Effect of oral hypoglycaemic agents on placental ABC transporter expression and activity
Penneycard, Jessica Marie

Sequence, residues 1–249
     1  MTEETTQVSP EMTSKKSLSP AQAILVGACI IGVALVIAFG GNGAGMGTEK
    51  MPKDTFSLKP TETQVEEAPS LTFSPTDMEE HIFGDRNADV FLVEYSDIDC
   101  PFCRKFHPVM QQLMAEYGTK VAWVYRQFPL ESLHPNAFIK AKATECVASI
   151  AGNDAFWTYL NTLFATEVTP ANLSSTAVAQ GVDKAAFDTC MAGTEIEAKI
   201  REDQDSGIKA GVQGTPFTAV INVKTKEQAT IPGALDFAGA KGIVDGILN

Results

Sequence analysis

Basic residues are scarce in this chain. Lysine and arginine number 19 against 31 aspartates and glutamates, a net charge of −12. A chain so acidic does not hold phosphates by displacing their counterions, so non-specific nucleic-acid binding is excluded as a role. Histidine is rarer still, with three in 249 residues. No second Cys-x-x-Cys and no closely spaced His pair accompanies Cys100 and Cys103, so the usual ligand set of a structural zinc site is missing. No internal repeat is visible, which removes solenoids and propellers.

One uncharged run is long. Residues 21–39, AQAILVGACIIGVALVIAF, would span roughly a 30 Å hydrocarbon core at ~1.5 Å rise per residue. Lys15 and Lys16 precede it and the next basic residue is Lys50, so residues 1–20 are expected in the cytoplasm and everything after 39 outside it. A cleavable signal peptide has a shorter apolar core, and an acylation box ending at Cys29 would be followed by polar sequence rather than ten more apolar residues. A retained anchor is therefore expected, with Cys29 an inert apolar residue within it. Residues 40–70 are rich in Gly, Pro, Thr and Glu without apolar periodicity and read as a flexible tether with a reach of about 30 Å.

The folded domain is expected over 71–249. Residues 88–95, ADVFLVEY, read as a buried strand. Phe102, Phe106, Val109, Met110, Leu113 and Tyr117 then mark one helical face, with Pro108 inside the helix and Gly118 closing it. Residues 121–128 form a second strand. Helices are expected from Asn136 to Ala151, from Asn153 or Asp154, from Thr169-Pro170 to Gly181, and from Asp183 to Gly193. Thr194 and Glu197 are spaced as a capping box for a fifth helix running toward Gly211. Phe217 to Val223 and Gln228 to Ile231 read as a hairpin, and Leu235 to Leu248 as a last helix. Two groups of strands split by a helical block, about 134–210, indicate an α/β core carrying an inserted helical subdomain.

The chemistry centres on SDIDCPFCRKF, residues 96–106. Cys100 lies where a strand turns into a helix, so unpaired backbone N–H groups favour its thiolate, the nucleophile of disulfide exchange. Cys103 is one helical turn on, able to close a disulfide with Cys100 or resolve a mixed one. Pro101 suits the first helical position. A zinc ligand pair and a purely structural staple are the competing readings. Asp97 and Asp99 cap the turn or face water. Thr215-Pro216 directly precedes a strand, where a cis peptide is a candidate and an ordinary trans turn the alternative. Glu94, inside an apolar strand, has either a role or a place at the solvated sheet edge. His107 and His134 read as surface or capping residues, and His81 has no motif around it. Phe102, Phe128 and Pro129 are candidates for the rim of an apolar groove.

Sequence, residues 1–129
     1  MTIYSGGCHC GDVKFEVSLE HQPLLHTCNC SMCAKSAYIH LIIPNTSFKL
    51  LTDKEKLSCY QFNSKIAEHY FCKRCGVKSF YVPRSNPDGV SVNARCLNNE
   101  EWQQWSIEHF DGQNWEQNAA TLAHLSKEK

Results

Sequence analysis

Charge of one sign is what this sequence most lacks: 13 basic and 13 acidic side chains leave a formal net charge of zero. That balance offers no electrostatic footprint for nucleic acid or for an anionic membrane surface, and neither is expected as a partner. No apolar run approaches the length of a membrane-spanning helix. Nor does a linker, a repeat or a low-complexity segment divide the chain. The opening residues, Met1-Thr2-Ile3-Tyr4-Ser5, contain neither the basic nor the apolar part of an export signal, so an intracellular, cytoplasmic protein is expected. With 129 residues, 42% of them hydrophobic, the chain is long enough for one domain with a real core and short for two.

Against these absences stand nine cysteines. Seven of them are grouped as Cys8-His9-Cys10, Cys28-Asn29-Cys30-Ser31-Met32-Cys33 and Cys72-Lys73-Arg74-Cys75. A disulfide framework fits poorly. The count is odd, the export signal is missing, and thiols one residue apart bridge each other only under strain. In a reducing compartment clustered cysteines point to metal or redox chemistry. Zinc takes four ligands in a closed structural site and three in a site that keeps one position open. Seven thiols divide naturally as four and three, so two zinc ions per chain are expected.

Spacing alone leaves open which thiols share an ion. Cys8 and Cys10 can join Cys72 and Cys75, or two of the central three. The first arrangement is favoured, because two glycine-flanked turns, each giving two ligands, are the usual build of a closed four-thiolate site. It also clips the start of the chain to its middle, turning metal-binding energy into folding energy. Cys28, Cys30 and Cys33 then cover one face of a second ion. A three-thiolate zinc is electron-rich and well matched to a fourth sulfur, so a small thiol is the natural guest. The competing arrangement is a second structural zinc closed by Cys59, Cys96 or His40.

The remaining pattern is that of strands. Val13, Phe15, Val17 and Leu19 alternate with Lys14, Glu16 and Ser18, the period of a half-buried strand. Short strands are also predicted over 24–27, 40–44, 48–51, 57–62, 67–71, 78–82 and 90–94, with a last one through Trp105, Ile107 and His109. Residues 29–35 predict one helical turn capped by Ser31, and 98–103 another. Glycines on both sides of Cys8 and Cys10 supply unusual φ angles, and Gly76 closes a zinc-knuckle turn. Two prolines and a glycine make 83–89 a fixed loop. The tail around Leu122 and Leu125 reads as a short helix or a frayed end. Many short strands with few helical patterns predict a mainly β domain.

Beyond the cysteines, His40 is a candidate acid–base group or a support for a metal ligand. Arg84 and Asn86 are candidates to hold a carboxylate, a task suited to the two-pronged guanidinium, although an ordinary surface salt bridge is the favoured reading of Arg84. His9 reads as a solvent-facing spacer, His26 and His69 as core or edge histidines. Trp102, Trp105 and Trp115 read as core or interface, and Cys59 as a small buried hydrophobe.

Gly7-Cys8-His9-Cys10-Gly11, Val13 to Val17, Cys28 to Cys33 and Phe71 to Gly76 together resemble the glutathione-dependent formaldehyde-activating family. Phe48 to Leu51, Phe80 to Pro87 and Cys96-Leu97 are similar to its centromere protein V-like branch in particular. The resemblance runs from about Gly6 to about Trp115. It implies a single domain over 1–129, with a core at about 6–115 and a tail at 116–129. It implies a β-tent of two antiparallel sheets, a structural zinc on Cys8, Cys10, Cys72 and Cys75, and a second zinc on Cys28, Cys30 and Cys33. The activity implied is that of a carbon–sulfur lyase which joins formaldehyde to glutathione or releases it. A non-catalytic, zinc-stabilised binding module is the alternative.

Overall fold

Gestational Diabetes Mellitus (GDM) affects between 3-10% of pregnancies with consequences for both the mother and the newborn infant. The target of GDM management is achieving euglycaemia as this has been demonstrated to reduce adverse neonatal events. With the increasing incidence of GDM there is a drive to manage this condition in not only the safest way possible but also in a way which is acceptable to women, with the easiest route of administration of medication and dosing schedule to increase their concordance. Therefore, attention has turned to looking at the use of oral hypoglycaemic agents (OHAs) for the treatment of GDM. There are two classes of OHAs used in pregnancy: biguanides (for example metformin) and sulphonylureas (for example glibenclamide, also known as glyburide). In the placenta a network of apical ATP-binding cassette (ABC) transporters facilitates the efflux of substances away from the fetus, thereby protecting the fetus from exposure to unwanted substances including medications such as metformin and glibenclamide. In this thesis, I have examined the mRNA levels of P-glycoprotein (P-gp), Breast cancer resistance protein (BCRP) and Multidrug resistance-associated protein (MRP) in placentas from women with GDM. I have demonstrated a reduction in P-gp mRNA expression among placentas from those women treated with metformin and insulin compared to placentas from women without GDM and those treated with metformin alone. In vitro treatment of placental explants with metformin and glibenclamide demonstrated no effect upon the mRNA levels of P-gp, BCRP, MRP and Glucose 1 transporter (GLUT 1). While treatment with OHAs is becoming standard care in the management of GDM, little work has been done looking at those mechanisms in place to protect the fetus from such treatments. Future developments in the management of GDM are likely to include combining metformin and glibenclamide; the work in this thesis provides in vitro evidence that this combined treatment does not alter the ABC transporters protecting the fetus and therefore supports future clinical trials for such a treatment.